Surgery of the Aortic Valve Before the Era of Cardiopulmonary Bypass

  • Y. Glock


At the end of the 19th century, Stephen Paget and Theodore Billroth affirmed the unprofessional and unethical nature of the surgical approach to the human heart, with cardiac surgeons “losing the respect of their colleagues”. 9 September 1896 is thus frequently not universally considered the birth of cardiac surgery, with the first successful repair of a right ventricular stab wound by Ludwig Rehn, a German surgeon. Lillehei and colleagues noted that “the outer wall of the living human heart represented a seemingly impenetrable anatomical barrier to the surgeon’s knife”. The challenge for the cardiac surgeons was to cross this barrier. The conquest of aortic valve surgery was carried out step by step: a blind approach first, followed a few years later by plasties under direct vision (allowed owing to techniques of hypothermia and bicaval clamping), leading to the avanguardist concept of aortic valve prosthesis implanted without cardiopulmonary bypass (CPB) by Hufnagel. Nowadays, trans-arterial aortic valve implantation is performed by the HEART TEAM, an association of surgeons, interventional cardiologists, echocardiographists and anaesthesiologists in a hybrid operating theatre.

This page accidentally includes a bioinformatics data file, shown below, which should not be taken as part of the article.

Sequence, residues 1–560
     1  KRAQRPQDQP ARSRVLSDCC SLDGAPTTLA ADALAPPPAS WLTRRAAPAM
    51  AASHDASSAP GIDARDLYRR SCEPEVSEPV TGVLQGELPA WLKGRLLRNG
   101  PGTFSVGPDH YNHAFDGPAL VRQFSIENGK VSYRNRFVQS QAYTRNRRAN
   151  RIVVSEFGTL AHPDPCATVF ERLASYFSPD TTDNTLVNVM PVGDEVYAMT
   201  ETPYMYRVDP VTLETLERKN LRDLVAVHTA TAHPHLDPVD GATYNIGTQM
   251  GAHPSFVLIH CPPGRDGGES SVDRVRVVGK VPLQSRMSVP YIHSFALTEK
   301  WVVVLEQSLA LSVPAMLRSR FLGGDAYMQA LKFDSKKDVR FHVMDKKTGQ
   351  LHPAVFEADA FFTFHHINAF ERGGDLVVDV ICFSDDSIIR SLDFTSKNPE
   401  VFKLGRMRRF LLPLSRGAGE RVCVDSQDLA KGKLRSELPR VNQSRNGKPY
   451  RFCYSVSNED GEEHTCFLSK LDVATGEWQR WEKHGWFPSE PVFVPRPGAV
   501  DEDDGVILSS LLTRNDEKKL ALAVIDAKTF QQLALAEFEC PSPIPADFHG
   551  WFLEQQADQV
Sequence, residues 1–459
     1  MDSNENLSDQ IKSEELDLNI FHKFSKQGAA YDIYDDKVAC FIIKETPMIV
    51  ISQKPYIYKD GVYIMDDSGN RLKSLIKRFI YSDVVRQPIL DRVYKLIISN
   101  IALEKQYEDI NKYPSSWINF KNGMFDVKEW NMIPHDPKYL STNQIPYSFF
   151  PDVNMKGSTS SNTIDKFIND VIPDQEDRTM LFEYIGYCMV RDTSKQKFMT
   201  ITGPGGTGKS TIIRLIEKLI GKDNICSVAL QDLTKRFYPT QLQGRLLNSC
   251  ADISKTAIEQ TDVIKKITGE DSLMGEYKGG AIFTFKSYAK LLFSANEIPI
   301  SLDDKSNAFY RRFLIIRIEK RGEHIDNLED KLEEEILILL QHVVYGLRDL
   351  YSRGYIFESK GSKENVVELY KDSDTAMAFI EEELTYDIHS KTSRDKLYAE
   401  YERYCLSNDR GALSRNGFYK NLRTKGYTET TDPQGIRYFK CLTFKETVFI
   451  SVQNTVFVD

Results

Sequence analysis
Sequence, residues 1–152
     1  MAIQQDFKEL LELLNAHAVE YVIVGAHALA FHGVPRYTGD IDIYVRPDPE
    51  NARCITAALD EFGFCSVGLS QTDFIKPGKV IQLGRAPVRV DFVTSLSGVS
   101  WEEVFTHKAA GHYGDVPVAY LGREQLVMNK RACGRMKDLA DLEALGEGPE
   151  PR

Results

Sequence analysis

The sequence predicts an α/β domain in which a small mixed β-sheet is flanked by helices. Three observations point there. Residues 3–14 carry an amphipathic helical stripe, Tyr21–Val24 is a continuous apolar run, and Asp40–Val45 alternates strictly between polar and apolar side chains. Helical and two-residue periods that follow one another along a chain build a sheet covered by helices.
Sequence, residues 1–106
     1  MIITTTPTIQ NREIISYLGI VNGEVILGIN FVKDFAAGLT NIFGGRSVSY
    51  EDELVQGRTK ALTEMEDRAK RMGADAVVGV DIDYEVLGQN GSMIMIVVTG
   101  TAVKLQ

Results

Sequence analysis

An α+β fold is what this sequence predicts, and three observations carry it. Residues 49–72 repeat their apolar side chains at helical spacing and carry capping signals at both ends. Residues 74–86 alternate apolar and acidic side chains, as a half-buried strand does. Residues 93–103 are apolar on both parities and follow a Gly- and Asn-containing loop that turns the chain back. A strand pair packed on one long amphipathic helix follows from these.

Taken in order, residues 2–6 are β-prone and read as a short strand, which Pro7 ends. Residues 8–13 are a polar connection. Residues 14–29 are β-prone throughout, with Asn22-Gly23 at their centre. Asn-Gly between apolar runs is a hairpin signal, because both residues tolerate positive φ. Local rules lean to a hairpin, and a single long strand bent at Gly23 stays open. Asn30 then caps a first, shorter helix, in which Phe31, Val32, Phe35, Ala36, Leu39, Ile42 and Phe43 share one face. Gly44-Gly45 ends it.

Aortic Valve Aortic Stenosis Direct Vision Aortic Valve Stenosis Aortic Insufficiency 
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Copyright information

© Springer-Verlag Italia 2013

Authors and Affiliations

  1. 1.Department of Cardio-vascular SurgeryRangueil University hospitalToulouseFrance

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